Posted by: Cal at October 1, 2004 10:27 PM

“Isn't most weapons "testing" done via computer simulation nowadays? It is my impression that most of the research involves solution of very complicated free boundary problems.”

If by “weapons testing” you mean nuclear weapons testing, the answer is a clear no. The idea that inertial confinement (laser) fusion experiments and computer simulation can actually substitute for field tests is still an unrealized hope. And yes very complicated hydrodynamics computer calculations need to be done even before you test.

Kerry declarative statements about this are incorrect.

Posted by: A. Zarkov at October 1, 2004 11:19 PM

The second statement is correct, unless you improperly assume that "new nuclear weapons" means "new nuclear warhead". Obviously, they're spending a lot of money on figuring out how to using existing weapons to do *something*- so calling that new something a "new nuclear weapon" makes perfect sense. Like spending a lot of money putting a turbine in an existing tank might reasonably be called a "new tank design."
That is to say, you can't take a statement, define the ambiguities the way that you'd like, and *then* call it inaccurate.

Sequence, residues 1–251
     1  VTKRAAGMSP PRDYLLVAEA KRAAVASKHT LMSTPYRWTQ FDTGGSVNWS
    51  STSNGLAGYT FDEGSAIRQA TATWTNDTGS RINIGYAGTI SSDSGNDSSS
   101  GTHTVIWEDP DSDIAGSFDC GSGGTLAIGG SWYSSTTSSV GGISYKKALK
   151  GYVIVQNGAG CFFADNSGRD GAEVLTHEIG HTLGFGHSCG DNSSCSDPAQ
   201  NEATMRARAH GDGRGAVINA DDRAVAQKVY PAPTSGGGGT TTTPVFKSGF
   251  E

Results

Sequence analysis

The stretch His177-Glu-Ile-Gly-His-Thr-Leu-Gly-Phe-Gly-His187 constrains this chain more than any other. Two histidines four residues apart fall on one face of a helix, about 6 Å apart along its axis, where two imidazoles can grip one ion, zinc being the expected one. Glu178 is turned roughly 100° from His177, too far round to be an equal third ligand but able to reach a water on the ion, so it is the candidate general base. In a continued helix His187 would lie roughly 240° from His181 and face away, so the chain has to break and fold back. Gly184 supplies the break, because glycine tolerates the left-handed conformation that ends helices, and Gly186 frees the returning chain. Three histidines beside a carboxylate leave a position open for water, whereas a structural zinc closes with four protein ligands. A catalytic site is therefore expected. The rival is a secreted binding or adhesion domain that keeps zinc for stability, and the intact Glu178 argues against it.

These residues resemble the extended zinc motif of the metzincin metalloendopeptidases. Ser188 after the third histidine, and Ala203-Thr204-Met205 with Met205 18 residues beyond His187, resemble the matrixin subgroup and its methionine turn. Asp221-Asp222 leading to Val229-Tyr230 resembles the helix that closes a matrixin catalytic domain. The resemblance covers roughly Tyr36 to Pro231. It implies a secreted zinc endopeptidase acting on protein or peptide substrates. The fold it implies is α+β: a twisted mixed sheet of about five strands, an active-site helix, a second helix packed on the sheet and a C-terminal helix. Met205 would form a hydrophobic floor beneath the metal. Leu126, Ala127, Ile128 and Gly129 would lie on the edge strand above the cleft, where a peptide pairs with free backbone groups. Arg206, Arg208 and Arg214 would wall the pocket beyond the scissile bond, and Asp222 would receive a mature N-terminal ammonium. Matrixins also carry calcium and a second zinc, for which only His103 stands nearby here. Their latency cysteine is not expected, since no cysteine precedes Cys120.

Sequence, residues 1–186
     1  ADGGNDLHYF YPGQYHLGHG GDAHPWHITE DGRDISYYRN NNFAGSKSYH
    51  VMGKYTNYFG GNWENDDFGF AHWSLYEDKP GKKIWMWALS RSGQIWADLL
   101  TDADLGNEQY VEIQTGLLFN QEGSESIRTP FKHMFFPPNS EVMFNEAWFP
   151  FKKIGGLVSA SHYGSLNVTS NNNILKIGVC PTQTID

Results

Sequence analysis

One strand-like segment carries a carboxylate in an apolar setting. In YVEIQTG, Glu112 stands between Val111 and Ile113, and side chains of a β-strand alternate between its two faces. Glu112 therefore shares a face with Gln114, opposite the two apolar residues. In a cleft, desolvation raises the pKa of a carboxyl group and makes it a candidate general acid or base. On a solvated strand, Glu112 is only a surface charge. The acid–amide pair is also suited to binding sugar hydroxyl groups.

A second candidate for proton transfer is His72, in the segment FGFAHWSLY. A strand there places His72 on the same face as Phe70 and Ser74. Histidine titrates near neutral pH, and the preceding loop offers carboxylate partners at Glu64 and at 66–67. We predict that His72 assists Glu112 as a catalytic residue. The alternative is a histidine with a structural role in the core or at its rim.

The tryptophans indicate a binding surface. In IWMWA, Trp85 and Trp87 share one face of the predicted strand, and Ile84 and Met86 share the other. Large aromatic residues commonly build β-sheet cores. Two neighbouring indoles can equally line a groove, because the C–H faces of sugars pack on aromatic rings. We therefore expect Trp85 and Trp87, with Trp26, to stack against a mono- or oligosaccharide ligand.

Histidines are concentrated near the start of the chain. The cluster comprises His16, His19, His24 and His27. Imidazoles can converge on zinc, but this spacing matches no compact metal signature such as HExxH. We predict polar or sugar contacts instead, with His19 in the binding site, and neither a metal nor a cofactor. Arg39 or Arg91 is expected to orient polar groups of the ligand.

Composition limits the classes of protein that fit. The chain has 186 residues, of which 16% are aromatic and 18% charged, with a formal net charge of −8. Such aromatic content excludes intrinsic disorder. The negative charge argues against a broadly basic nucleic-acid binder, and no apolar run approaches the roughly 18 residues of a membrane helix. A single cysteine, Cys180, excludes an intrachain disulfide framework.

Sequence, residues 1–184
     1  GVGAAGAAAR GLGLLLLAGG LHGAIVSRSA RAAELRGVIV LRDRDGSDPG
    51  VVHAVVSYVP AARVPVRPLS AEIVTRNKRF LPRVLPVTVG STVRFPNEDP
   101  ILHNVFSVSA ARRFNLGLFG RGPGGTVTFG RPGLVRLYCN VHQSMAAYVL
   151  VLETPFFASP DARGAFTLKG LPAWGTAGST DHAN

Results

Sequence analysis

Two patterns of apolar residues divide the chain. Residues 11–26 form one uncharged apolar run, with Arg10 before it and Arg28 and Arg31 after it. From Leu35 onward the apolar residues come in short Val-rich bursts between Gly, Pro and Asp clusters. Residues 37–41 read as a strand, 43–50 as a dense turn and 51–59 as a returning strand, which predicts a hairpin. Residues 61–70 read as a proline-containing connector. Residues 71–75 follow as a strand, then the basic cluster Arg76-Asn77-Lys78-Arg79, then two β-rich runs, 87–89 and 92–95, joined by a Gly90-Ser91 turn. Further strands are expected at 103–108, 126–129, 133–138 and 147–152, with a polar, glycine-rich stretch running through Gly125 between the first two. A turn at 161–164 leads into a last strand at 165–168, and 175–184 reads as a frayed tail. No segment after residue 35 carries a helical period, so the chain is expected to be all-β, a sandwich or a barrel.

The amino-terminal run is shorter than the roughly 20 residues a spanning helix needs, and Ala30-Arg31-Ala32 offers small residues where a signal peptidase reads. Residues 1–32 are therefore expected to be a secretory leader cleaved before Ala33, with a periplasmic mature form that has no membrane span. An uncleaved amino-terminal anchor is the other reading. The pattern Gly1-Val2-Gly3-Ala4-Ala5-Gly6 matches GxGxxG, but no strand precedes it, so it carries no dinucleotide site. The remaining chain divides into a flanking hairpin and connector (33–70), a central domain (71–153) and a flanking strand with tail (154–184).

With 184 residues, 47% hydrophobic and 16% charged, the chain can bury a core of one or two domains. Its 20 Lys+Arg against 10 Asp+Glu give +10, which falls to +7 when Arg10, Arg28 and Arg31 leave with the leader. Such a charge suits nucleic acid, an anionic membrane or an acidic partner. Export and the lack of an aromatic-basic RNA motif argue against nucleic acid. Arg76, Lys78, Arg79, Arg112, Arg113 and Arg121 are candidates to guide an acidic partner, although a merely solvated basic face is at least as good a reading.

Furthermore, a little googling suggests that new nuclear warhead designs (at least, variations on existing warheads) have been created with exactly the sort of testing that you dismiss as insufficient:
Although the CTBT has not entered into force, States which have signed are generally obliged to adhere to their commitments under the treaty not to violate the principle provisions. Thus none of the signatories has conducted a nuclear explosion since signing. However, the US, Russia, UK and France have openly conducted other forms of nuclear testing including sub-critical explosions (i.e. where there is no nuclear reaction), fusion experiments, computer simulations and high energy experiments. It is believed that China has also conducted at least one sub-critical test.

One of the reasons for these tests is to upgrade existing weapons designs and test new designs. Following such tests under the “Stockpile Stewardship Program” the US, for example, has introduced a new weapon into its stockpile - the B61-mod11.

Perhaps you'd like to share the expertise that makes you certain that the above is incorrect.


Posted by: Carleton Wu at October 1, 2004 11:43 PM

Faux dem blogger Jeff Jarvis went from 75% likely to vote for kerry to 65% likely to vote for kerry. That's his way of saying Bush won. Faux dem blogger and Dem victim Roger L Simon says Kerry lied, was boring, and pandered to his Jewish roots. Faux dem blogger Michael Totten declared it a draw.